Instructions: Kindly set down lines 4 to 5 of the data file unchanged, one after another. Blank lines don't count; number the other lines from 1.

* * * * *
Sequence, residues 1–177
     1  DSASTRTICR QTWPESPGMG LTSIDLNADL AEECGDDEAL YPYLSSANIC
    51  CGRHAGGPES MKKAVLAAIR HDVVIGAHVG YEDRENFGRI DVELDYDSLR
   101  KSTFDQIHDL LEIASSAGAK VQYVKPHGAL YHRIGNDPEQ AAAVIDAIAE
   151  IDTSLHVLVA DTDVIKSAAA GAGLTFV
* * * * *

   101  KSTFDQIHDL LEIASSAGAK VQYVKPHGAL YHRIGNDPEQ AAAVIDAIAE
   151  IDTSLHVLVA DTDVIKSAAA GAGLTFV